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Bible Commentaries
2 Kings 15

F.B. Meyer's 'Through the Bible' CommentaryMeyer's Commentary

Verses 1-12

“A Leper until the Day of His Death”

2 Kings 15:1-12

The reign of Azariah, or Uzziah, in Judah was very splendid. Fifty-two years of almost unbroken prosperity! The story is told in the glowing periods of 2 Chronicles 26:1-23 . Here, too, we learn that his sun suffered an eclipse because he persisted in the sacrilegious endeavor to combine the office of king and priest-the exclusive prerogative of Messiah. See Zechariah 6:13 . As a leper he was excluded from all contact with his fellows, and dwelled in a separate house, while his son Jotham acted as his viceroy.

For more than thirty years preceding its dissolution, the Northern Kingdom was terribly distracted. Anarchy, idolatry, high-handed crime, and immorality of a flagrant description swept like a hurricane over all classes. Rent by these evils, and with no strong men like Hezekiah and Isaiah then in Judah to place their hands on the helm, the kingdom drifted to destruction. The sacred books give but brief and disjointed accounts of the last times of the kingdom of Israel, because God has no pleasure in the process of decay. He has no pleasure in the death of individuals or in the nation that dieth, but rather that “they should turn unto Him and live.”

Verses 13-22

Buying Temporary Relief

2 Kings 15:13-22

The usurping murderer Shallum enjoyed but a very brief reign, occupying the throne for one month only, and then being slain by Menahem, who, according to Josephus, was commander of his forces. Menahem carried his arms as far as Tiphsah, which apparently resisted this red-handed assassin. The ruthless cruelty which he showed toward the hapless citizens attracted the notice of the Assyrian monarch, and led ultimately to that invasion of Israel which terminated in its destruction. God has ever sat as Judge over the nations. His judgments and sentences are exact. With what measure we mete, it shall be measured to us again.

Menahem obtained a temporary respite by the gift of one thousand talents, which secured the alliance of the king of Assyria, turning him from an avenger into a patron. See Hosea 5:13 . This was the confederacy to which Isaiah probably refers in his chapter, Isaiah 8:1-22 , when he alludes to a confederacy that seemed to bode no good. But on the bosom of this cloud of menace shone, as always, the rainbow of promise which is implied in the name “Immanuel.”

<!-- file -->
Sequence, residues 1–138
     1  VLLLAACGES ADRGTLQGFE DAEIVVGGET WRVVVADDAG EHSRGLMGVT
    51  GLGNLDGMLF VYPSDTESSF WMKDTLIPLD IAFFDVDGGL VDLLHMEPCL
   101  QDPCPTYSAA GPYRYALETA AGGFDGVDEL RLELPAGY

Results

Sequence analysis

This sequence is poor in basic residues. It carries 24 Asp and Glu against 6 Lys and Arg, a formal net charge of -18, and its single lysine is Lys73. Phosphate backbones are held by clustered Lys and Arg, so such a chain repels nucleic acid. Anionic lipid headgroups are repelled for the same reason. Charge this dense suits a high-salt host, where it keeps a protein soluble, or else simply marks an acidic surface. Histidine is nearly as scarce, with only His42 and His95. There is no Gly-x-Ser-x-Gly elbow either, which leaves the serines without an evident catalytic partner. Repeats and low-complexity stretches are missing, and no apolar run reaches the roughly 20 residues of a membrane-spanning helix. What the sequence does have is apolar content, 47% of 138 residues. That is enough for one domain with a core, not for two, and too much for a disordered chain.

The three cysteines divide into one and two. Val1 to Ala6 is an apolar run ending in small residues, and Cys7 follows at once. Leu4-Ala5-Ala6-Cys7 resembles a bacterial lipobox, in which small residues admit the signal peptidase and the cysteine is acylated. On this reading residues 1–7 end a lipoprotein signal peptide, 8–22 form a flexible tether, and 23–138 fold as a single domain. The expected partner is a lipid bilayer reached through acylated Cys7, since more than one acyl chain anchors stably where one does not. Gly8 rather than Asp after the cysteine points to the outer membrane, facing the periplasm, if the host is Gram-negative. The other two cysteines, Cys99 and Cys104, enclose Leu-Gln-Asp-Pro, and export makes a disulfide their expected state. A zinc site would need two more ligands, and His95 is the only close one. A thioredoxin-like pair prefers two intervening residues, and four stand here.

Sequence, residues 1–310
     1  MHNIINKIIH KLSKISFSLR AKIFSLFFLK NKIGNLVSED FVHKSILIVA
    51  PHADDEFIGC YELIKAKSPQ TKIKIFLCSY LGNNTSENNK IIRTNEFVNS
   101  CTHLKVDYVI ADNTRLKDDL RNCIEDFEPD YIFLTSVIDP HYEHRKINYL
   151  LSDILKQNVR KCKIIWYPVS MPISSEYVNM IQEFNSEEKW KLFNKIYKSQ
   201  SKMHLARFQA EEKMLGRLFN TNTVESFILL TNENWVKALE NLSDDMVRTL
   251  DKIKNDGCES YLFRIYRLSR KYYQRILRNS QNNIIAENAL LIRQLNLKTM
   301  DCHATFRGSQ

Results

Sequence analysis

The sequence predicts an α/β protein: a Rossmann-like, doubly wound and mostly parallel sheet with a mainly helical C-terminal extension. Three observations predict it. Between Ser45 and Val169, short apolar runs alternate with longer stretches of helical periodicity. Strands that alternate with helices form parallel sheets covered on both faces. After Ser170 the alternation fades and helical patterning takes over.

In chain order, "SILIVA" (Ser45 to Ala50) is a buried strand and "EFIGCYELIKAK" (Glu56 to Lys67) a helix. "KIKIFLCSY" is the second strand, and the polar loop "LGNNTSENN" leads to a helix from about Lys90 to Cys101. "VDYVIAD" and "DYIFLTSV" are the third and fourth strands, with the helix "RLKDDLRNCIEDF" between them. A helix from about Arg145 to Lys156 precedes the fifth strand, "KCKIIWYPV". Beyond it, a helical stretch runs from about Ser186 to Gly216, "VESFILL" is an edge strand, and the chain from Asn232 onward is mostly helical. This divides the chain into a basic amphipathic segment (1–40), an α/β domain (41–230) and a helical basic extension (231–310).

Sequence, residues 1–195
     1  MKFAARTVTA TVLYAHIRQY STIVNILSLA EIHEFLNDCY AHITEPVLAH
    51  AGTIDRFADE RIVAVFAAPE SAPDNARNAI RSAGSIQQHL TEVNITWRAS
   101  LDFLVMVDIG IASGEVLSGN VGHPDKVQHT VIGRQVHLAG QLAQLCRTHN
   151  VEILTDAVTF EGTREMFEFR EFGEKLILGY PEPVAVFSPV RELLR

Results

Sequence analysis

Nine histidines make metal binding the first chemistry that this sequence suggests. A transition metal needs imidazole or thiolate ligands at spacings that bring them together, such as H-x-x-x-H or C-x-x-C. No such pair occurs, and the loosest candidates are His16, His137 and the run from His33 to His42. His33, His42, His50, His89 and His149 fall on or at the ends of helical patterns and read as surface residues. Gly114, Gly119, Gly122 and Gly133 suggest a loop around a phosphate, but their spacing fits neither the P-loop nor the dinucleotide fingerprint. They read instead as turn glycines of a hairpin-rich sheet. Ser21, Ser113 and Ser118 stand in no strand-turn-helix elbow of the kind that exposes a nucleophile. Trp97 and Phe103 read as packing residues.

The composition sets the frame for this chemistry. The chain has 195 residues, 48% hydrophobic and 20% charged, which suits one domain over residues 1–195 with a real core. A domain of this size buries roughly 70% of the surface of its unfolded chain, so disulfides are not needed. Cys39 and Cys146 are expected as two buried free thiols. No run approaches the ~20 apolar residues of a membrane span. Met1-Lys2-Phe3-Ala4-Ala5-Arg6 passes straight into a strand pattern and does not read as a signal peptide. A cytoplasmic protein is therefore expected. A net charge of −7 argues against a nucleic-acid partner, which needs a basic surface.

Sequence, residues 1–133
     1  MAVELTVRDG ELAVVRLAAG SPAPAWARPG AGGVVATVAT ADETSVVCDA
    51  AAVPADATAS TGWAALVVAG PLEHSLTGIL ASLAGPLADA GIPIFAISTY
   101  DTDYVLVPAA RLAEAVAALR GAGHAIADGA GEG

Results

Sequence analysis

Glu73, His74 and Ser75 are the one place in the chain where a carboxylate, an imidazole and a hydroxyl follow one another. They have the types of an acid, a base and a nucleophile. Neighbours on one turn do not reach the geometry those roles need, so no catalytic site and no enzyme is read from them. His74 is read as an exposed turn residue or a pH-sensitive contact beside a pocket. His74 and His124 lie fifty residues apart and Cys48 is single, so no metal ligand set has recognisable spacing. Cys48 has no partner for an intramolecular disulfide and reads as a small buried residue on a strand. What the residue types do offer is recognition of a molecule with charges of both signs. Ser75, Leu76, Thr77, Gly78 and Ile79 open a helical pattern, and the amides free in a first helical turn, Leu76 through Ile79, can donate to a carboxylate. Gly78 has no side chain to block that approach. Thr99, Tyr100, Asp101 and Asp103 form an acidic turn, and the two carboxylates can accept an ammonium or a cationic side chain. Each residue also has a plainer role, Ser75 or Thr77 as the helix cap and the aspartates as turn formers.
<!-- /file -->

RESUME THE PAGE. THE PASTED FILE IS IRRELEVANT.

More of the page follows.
Verses 23-38

Usurpers and Invaders

2 Kings 15:23-38

The dissolution of Israel proceeded rapidly, for nothing could avert the steady advance of the Assyrian. According to the usual policy of Eastern conquerors, the flower of the nation was sent beyond the Euphrates to people the thinly inhabited portions of the Assyrian empire; and when this process was completed, new settlers were brought from Assyria to occupy the depopulated land, 2 Kings 17:24 . The cuneiform inscriptions discovered at Nineveh contain remarkable corroborations of the Bible records. This was the first captivity, or exile, of Israel.

The ten tribes never returned to Palestine to any appreciable degree; but their terrible discipline became the enriching of the world. They planted synagogues on foreign soil, and disseminated in many lands the knowledge of Jehovah and their Scriptures. They were represented at Jerusalem by their descendants on the day of Pentecost; and the Apostle John counted their myriads among the redeemed, Revelation 7:1-17 .

Bibliographical Information
Meyer, Frederick Brotherton. "Commentary on 2 Kings 15". "F. B. Meyer's 'Through the Bible' Commentary". https://www.studylight.org/commentaries/eng/fbm/2-kings-15.html. 1914.
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